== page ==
Artificial Intelligence Thought and Language

Artificial Intelligence – Thought and Language

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Artificial Intelligence Thought and Language
Artificial Intelligence series: Part 1 – Thought and Language

In his latest blog post, Richard Develyn, CloudTrade CTO, kicks off his grand opus with this first chapter of five connected explorations into the world of artificial intelligence. Here he examines the nature of thinking and the complexity of understanding human language.

“I think therefore I am.”

We have all heard of this famous statement. It was made by a philosopher called Descartes back in the middle of the 17th century. It doesn’t actually say very much about intelligence, though it does at least try to draw a first line in the sand.

The problem with it, however, is that it seems to suggest that thinking can come before existence. But without existence, what can you possibly think of?

Imagine if a thinking thing was to appear in the void: what thoughts might cross through its “head”?

“Is this a nice void,” perhaps?

Or if two of them were to make contact somehow, what sort of intelligent conversation might they have?

“Is your void voidier than my void?”

(I’m looking forward to seeing how our French translators cope with this one, by the way).

I believe it was Sartre, in the middle of the 20th century, who kindly pointed out what a load of nonsense all of this was. Thinking, and language (which is, after all, merely the communication of thinking), is very much tied into the context of our existence. In fact, it is probably more accurate to state: “I am therefore I think” rather than the other way around, as we cannot consider ourselves to be thinking beings if we have nothing to think about, and having things to think about implies that we exist in a world full of interesting, and thought-provoking things.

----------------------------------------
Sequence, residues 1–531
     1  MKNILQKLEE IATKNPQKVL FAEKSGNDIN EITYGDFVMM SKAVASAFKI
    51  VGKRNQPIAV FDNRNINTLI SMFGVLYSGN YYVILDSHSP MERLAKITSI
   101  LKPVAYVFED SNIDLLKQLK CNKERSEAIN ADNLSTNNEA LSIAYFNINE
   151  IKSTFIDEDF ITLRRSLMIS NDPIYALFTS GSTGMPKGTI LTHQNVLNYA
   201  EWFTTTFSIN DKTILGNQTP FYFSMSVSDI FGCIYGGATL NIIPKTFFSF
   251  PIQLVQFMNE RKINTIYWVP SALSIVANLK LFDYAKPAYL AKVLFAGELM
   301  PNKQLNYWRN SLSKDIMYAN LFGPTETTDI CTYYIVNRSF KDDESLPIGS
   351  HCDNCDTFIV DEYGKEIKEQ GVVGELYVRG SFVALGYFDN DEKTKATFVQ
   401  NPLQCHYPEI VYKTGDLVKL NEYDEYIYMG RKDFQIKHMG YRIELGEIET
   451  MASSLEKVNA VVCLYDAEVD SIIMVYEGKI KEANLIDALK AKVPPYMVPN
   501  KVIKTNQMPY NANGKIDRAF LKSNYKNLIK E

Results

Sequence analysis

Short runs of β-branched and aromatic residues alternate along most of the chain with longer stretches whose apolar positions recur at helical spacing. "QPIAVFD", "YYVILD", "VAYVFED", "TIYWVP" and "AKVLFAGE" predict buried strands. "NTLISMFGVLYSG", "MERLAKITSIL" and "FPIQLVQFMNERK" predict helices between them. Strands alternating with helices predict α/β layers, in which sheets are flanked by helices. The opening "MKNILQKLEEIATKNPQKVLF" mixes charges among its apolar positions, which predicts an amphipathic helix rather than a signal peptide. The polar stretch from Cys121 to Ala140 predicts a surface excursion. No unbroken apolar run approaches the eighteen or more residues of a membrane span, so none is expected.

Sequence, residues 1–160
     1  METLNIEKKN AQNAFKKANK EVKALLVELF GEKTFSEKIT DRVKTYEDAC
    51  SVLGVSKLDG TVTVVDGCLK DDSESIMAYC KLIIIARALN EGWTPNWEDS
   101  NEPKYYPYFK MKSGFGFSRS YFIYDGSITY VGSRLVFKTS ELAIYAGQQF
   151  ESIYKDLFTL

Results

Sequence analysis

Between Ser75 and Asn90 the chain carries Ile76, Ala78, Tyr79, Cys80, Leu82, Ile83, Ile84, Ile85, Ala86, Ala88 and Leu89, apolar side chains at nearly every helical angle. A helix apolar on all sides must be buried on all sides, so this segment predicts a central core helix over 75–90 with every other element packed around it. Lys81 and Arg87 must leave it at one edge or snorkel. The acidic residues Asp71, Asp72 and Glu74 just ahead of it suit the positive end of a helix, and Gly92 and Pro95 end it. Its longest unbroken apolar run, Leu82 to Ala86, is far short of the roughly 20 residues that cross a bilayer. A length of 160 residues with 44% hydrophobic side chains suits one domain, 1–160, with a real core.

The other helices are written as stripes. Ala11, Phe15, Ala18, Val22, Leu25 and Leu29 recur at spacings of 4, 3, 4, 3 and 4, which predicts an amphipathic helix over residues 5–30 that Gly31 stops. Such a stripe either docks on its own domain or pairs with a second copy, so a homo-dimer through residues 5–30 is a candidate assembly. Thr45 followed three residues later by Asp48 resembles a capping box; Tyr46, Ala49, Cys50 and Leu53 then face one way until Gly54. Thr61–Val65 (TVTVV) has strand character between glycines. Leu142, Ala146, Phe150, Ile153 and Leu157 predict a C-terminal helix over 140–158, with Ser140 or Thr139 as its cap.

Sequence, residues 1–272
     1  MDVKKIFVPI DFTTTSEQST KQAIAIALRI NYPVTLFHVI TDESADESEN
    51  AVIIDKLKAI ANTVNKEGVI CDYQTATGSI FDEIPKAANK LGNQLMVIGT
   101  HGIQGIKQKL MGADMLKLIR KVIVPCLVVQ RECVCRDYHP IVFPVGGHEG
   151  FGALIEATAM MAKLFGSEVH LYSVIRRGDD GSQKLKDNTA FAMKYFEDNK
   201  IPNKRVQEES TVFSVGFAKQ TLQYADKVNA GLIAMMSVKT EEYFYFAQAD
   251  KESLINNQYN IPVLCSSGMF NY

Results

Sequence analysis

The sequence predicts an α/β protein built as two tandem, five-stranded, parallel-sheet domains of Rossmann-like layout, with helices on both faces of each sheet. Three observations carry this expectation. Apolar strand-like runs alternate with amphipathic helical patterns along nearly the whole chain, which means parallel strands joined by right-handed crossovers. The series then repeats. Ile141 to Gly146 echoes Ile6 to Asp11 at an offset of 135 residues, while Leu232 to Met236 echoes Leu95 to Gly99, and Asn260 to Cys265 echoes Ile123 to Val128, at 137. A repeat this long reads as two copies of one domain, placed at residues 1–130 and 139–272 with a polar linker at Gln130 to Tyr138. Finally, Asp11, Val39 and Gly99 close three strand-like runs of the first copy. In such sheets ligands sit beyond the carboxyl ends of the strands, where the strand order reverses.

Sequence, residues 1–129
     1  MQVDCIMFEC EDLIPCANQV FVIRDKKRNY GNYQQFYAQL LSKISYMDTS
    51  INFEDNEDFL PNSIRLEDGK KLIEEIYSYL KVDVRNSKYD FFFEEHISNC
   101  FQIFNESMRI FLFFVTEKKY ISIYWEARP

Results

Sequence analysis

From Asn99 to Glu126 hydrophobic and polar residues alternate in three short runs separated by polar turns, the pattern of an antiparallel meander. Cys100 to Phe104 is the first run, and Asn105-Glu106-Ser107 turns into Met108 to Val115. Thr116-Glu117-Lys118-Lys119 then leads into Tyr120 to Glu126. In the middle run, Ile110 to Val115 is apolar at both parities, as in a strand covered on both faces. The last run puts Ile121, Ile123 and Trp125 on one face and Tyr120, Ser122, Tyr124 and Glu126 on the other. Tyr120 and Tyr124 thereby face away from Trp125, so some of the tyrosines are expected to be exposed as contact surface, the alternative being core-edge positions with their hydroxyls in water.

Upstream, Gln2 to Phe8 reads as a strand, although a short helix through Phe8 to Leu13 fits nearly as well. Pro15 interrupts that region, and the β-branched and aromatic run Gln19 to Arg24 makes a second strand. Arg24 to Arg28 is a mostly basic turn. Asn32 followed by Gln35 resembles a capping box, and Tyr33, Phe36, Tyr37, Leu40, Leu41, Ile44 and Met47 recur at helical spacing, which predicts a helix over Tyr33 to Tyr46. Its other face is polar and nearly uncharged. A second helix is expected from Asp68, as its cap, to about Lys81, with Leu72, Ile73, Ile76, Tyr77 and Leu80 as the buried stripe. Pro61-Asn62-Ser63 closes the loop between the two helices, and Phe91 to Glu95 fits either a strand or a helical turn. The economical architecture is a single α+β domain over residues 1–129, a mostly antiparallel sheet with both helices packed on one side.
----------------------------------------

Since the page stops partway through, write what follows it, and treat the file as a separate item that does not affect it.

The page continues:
We do exist in such a world, of course, and the ideas that we hold in our heads, and that we exchange with each other through language, are intrinsically dependent on having a shared view of what that world is like. If I make the statement: “It is hot”, then not only will you immediately know that I’m talking about the weather, you will also gauge how hot I mean by relating it both to where I live and, if you happen to know me, to how much the heat bothers me since I probably wouldn’t have made that statement unless I was finding the temperature uncomfortable. That’s a ton of implied context to accompany those three little words.

(And if I had I said, “he or she is hot”, you would have needed a whole ton more contextual information in order to make sense out of that one – again, I will be looking at the French translation of this sentence with some interest!)

In fact, our brains are so sure of themselves when it comes to interpreting communication that they frequently don’t bother listening to anyone beyond the first word or two and the occasional word after that. If you were to say to someone “It’s not hot” on a hot day, they may well mis-hear you and believe that you told them that it was “hot hot” rather than “not hot”, and reply “yes, very hot”, almost as if to correct your grammar. Actually, people don’t so much mis-hear you as not hear you at all; in this case, once the brain had picked up the word “It’s”, it would predict what was coming next and stop paying attention.

Memory works in a similar way. We may feel that we replay images of the past when we’re feeling nostalgic. In fact, 99% of what we’re doing is reconstruction rather than recollection, and reconstruction depends on who we are now, rather than who we were then. Again, it’s the brain taking short cuts, which in this case leads to a phenomenon called Confirmation Bias, i.e. a tendency for us to remember things in “particular ways”.

There is nothing in the world of artificial intelligence that can hold within it a world view that is anything remotely human. Neural networks that do language translation have a world view of sorts, but it’s one based on an analysis of word association gleaned by trawling the internet and other sources of literature, not on an experience of the world as they, and we, live it.

Language translators can certainly be very impressive if you’re careful what you ask of them, and when they get things wrong, they can be very amusing; but you wouldn’t want to use them to give instructions to a surgeon in a foreign country that is about to remove one of your kidneys. Artificial intelligence as a technology used to understand human communication is still very much in the realms of “impressive toy”. It’s fun to play with, but not something that you would want to use as the cornerstone for either your life or your business.